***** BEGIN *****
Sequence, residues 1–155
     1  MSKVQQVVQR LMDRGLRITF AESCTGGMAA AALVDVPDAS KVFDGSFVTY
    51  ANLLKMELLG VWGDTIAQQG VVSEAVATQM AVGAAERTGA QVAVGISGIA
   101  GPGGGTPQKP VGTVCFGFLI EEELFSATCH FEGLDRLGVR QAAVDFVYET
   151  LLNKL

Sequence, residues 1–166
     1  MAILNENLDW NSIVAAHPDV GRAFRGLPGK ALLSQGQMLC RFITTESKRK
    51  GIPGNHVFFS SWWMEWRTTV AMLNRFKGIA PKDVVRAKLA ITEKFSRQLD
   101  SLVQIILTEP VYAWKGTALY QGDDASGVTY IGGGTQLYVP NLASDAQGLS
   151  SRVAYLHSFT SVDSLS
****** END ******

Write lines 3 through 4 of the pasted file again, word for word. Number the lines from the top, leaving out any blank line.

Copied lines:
    51  ANLLKMELLG VWGDTIAQQG VVSEAVATQM AVGAAERTGA QVAVGISGIA
   101  GPGGGTPQKP VGTVCFGFLI EEELFSATCH FEGLDRLGVR QAAVDFVYET